Bad Credit? Try a Hard Money Lender
What is a Hard Money Loan?
Small businesses with less-than-perfect credit may have a hard time borrowing from traditional lenders. To meet this need, wealthy private investors and smaller investment companies have created a niche market called Hard Money Loans. These loans are asset-based and usually secured by real property. It seems, however, that new legislation may turn investors against taking the risk and offering these loans.
Background of Hard Money Loans
The hard money industry came about because of a need. Borrowers who didn’t qualify for mortgages through traditional means had nowhere to turn until savvy investors got together and offered to take the risk to help these borrowers. When the traditional lenders saw that these less-desirable loans were making a profit, they decided to jump into this lending space with offers for subprime mortgages on a wide variety of terms and interest rates. As with all trends, this one has once again turned around and the major lenders are leaving the subprime mortgage space. It seems they don’t like the increased number of foreclosures on their lending history. The hard money loan is once again king for this market.
How Do Hard Money Loans Work
Successful lending in the hard money market requires a strategy. Lenders research and know what they will be up against. They set aggressive terms to allow for the cost of foreclosure down the road. Interest rates, like all subprime loans, begin at approximately 12 percent. Minimum down payments could be as high as 30 percent. As with auto loans to poor-credit-risk borrowers, hard money lenders are fully aware that borrowers approaching them have already been turned down by everyone else. While these interest rates would appear to be pure greed, the lenders realize they will incur the cost of foreclosure on a large majority of these loans. As with all businesses, if there is no profit, the lender is not going to engage in this type of risky loan.
The rules and regulations on loans differ from state to state, so many hard money lenders shop the market to cut their risk and only do business in states that make hard money lending profitable and easy. Limiting their business to certain states helps the lenders to keep track of the value of their properties. The states with burdensome lending requirements leave certain geographic areas with no investors willing to take on credit-challenged borrowers.
Regulations on Hard Money Loan Interest Rates
The other side of burdensome regulations is limitations on interest rates investors can charge for subprime loans. These limitations were developed to define what an exorbitant interest rate is and to protect borrowers by capping interest rates and fees. These regulations prove to be double-edged swords because many investors will not loan money under these restrictions, therefore leaving many borrowers with no options for a mortgage loan. The investors who do lend money in these states set their rates at the highest rate allowed to limit exposure to the high cost of litigation.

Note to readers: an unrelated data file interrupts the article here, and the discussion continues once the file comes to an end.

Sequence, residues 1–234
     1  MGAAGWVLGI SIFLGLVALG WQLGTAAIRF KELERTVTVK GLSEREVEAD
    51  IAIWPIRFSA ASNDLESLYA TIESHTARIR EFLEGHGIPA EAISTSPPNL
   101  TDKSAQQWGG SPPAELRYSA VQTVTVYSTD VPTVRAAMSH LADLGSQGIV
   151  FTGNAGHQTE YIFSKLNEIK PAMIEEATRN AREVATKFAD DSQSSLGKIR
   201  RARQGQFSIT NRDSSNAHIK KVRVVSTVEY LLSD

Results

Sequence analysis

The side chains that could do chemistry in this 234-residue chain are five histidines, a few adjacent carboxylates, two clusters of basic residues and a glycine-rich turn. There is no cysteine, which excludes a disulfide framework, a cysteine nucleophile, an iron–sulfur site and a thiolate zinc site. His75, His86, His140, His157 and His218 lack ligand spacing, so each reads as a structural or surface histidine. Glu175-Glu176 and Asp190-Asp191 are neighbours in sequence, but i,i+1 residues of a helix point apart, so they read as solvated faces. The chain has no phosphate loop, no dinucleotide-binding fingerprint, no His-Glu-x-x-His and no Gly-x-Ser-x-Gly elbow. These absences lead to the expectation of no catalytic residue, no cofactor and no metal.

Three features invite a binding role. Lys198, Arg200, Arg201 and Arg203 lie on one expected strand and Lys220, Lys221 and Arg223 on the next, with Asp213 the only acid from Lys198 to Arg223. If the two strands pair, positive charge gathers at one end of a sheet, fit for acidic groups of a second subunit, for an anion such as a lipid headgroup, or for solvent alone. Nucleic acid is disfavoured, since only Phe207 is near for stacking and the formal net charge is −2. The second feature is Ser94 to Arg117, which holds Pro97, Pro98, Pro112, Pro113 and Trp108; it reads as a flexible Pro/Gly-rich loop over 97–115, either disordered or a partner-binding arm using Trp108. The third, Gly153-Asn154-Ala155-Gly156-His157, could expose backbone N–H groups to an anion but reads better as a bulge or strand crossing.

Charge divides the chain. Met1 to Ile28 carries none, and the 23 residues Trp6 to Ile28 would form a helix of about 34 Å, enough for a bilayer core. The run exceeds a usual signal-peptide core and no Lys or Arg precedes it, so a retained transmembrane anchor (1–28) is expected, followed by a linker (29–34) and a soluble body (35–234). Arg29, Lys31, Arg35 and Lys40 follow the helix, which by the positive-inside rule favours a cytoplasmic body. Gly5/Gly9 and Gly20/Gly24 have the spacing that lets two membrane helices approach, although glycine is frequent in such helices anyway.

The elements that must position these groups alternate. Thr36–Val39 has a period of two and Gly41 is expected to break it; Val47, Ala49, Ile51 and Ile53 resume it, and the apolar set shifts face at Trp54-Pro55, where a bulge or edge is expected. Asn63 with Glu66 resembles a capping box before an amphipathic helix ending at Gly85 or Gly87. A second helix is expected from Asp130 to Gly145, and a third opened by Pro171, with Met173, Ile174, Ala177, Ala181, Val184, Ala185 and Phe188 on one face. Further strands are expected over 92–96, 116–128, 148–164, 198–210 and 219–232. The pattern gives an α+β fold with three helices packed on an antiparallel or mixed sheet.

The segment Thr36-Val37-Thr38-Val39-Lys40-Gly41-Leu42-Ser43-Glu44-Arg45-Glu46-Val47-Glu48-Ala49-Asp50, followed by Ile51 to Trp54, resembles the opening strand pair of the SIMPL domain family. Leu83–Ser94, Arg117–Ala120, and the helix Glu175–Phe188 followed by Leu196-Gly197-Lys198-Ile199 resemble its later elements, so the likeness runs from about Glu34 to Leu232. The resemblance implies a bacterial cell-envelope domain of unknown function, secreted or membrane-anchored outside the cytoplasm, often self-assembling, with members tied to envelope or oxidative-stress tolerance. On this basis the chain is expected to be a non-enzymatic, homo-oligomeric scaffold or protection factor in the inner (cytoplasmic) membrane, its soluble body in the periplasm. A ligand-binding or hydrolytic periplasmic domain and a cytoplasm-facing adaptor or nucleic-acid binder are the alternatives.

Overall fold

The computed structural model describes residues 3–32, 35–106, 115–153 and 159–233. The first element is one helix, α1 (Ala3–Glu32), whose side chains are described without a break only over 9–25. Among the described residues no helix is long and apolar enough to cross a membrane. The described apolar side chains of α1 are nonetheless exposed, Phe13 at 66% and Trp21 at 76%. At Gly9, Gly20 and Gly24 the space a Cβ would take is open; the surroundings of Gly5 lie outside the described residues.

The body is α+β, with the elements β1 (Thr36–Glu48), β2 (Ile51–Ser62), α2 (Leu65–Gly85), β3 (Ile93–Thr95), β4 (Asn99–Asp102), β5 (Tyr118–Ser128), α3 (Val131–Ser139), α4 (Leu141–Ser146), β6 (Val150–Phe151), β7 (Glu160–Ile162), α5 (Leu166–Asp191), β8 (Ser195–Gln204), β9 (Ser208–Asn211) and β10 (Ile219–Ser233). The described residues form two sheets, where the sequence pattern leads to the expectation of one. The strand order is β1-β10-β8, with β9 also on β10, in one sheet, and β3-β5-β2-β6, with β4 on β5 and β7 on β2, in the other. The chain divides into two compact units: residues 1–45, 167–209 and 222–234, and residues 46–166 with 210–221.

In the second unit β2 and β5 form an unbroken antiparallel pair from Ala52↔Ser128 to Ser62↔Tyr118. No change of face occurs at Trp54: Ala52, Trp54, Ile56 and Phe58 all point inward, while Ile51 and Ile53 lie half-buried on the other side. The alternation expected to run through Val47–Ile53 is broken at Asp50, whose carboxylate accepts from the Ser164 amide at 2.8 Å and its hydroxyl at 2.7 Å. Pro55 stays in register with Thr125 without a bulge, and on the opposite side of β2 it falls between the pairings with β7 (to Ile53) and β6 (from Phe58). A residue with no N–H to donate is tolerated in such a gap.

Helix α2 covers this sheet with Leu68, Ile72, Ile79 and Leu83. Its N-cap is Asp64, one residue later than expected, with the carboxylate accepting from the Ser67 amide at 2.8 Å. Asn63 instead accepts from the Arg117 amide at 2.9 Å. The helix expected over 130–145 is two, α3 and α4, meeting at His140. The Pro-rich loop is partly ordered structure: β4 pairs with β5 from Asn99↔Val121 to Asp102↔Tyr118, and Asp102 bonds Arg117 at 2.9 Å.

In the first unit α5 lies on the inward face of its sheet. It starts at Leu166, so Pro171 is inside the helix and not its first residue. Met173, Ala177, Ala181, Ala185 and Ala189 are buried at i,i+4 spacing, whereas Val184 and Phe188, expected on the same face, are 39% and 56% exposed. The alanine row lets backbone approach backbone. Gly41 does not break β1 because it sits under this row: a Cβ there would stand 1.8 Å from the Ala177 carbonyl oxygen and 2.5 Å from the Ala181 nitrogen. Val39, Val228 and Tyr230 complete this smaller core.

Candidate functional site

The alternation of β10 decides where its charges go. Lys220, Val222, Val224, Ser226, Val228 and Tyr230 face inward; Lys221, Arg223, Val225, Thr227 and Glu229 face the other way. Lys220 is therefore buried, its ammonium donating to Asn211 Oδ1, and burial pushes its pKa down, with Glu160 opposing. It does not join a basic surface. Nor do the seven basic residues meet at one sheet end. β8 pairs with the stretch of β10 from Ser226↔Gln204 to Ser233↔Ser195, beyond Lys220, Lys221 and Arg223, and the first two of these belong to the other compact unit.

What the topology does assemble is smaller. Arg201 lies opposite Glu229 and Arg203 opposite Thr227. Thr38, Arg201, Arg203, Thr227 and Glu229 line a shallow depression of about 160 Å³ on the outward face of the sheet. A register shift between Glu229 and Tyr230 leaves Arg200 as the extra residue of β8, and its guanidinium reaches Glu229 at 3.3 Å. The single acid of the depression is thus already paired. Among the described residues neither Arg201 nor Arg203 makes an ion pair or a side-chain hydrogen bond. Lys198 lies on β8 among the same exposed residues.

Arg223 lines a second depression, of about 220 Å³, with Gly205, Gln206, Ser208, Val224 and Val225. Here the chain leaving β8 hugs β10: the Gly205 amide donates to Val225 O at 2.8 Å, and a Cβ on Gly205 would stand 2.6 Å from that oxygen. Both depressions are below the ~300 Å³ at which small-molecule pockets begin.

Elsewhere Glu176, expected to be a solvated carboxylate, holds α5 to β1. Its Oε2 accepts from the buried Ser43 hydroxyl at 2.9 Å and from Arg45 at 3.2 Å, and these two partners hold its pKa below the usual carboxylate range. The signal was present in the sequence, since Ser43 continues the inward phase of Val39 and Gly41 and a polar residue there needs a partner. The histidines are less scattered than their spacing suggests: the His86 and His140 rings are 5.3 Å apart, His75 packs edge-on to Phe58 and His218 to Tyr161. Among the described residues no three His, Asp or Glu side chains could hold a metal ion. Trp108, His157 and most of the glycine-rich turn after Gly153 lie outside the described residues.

Real Estate and Hard Money Loans
Not all borrowers who use hard money loans have bad credit. Some borrowers see hard money loans as short-term or bridge loans. A real estate investor who plans to flip a property in a short period may find a hard money loan to be easier to obtain with fewer regulations to deal with.
On the side of the lender, when working with a real estate investor, they are not looking at credit. Instead, they consider the value of the property that will be securing the loan. Hard money lenders will consider the estimated value of the property once the repairs and/or upgrades have been completed (the “after repair value” or ARV).
The Pros of Hard Money Loans
Following are the main reasons to consider borrowing from a hard money loan investor:
- Ease – Flippers and investors want to get in and out quickly, but traditional mortgage lending is generally not defined in those terms. The time processing a mortgage could cause an investor to lose the property he has his eye on. Instead of months, a hard money loan can be closed in a few weeks.
- Flexibility – Private lenders have greater flexibility to negotiate the terms of repayment, fees, and underwriting.
- Collateral – Generally, all you need to secure your hard money loan is the property. Investors, however, have freedom to accept other items and terms to secure the loan. This allows borrowers to custom design their financing.
The Cons to Hard Money Loans
Consider the following before accepting a hard money loan:
- Cost – The convenience is great, but the cost can be excessive.
- Repayment Terms – Hard money loans carry a shorter period for repayment. Be sure you can meet the terms.
Borrowers using hard money loans must educate themselves on the product, recognize that they will face limited and costly choices, and have an idea of how high the interest rate and terms may go.
Lenders must be educated on the regulations in each market they serve, and they must look for the sweet spot between what are known as profitable and predatory practices.